Ann Boleyn and the American Culture


       She captured the heart of Henry VIII and hastened Reformation

 By the time young America created the Declaration of Independence, the mindset of their population had already formed core beliefs about how a government and the people should interact; government would operate by consent rather than decree.  Then and today, few realize that this uniquely American marriage of freedom and justice shares a near link with the infamous Anne Boleyn, the second wife of Henry VIII.

In the novel, Bartholomew Stovall – The English Immigrant, Bartholomew knew his destiny.  As a slave, he was forced to accustom his master’s rules.

By the time Bartholomew had earned his freedom in 1688, he understood that governing in the New World was much like that in his mother country, England.  It was a government of representation and was imposed by a fair legal system, elected by the people.  These facts helped Bartholomew to understand that, should he follow the path that was presented to him with nobility, the truth would be rendered, and he would find his destiny.

This provincial government Bartholomew found in America was a byproduct of the successful Protestant Reformation in England between 1500 and 1650.  During a time of deep rooted religious oppression, noted authors were writing essays supporting the Enlightenment, and others were interpreting The Holy Bible from the Greek and Latin scrolls to English books, so “Even the plowman could read Gods word and form a personal relationship through prayer.”

But the turning point in England’s history had little to do with reformation.  Britain and their provincial experiment, America, as well as large portions of the civilized world, should credit Anne Boleyn for their freedom to worship and to live in a true Godley spirit.  It was Anne Boleyn, the former Queen’s maid and then second wife of King Henry VIII who used her charm, wit, and flirtatious manner to repel the forces of intolerance.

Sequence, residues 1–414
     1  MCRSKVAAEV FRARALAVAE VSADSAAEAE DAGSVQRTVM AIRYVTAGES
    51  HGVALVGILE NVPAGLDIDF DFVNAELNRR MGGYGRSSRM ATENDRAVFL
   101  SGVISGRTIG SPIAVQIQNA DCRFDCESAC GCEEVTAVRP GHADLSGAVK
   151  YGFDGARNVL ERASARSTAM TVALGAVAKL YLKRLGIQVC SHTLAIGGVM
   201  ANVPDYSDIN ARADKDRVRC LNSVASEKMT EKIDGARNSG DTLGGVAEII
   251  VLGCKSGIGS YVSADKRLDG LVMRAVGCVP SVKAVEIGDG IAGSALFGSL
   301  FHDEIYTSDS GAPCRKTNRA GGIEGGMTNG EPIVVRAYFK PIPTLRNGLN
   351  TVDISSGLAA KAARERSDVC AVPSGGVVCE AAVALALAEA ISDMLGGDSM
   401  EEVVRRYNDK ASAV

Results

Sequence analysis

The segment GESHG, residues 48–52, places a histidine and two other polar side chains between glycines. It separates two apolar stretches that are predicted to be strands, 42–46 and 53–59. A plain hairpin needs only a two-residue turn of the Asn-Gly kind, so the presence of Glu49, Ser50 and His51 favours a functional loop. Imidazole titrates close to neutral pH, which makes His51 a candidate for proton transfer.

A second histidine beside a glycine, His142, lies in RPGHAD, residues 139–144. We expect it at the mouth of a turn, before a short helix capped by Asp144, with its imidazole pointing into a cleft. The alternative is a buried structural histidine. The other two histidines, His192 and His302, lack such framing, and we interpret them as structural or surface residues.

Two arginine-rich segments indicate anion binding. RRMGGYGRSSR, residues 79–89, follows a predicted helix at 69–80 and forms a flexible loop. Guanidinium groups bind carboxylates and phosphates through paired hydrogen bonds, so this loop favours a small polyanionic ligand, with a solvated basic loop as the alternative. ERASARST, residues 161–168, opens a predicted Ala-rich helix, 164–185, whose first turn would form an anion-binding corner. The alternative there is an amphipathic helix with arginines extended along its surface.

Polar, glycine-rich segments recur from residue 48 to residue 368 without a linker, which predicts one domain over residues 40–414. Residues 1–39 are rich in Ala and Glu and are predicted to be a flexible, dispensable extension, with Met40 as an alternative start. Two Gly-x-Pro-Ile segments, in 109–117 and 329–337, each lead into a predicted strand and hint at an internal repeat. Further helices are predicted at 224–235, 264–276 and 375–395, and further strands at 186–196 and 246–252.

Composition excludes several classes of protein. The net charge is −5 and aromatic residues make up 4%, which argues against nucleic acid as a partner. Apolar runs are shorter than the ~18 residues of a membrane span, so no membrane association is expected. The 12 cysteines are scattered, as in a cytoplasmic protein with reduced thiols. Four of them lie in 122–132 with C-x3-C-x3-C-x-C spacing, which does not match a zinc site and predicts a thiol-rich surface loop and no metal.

.  .  .

King Henry’s attraction to Anne Boleyn was not a quick romance.  At first, she denied his advances, as well as the ‘formal request’ for her to become his solitary mistress.  The king was taken aback by her refusal.  Anne was steadfast against his charm, but the two did become close.  Finally, she confessed her love for him, but reasoned that it would all be in vain because he was a married man.

With her refusal, the king became open with his intentions to marry Anne Boleyn, going so far as to summon the Pope and requested that his marriage to the Queen, Catherine of Aragon be annulled.  But the Pope refused the request leaving Henry livid.

But liberation for the protestants took a huge leap forward in November 1528.  On this date, King Henry VIII summoned Parliament and gave a masterful speech at Bridewell, London.  The King confessed that he had been living in mortal sin, caused by his arranged marriage to his late brother’s wife, Catherine.

He quoted passage from the Holy Bible in Leviticus Chapter 20 Verse 16:

If a man shall take his brother’s wife, it is an impurity; he hath uncovered his brother’s nakedness; they shall be childless.”

The King may have convinced the gathering when he stated that he lived in “detestable and abominable adultery”.

                                                                        .  .  .

History has proved that King Henry VIII wanted to be rid of Catherine because she was barren and had not produced him a male heir.  He was also infatuated with Anne Boleyn and wanted her as his queen and beds maid.

But history also proved that by bringing his request to Parliament, Henry was seeking support for his cause from the nobility of the country he ruled.  He knew that he could not ‘decree’ to the Pope, thus he enrolled the help of the people to absolve the authority of domestic matters from a foreign entity.

Henry’s plea to Parliament was the turning point in England’s history.  In incremental events, Henry VIII achieved his objective. On November 3, 1534 the Parliament of England passed the first Act of Supremacy, appointing Henry VIII as The Supreme Head of the Church of England. Finally, Henry was able to discern the legal sovereignty of the civil laws over the laws of the Church in England.  This is to say that Henry could grant himself a divorce and then marry Anne Boleyn.

This sweeping turn of events altered England’s business model drastically.  With Henry’s plea to Parliament England was now governed by consent rather than decree.  It was a mindset that followed those who formed the laws and labored the fields of the New World.

About bartholomewstovall

Author of Bartholomew Stovall. A novel about the immigrant who came to America in 1684.
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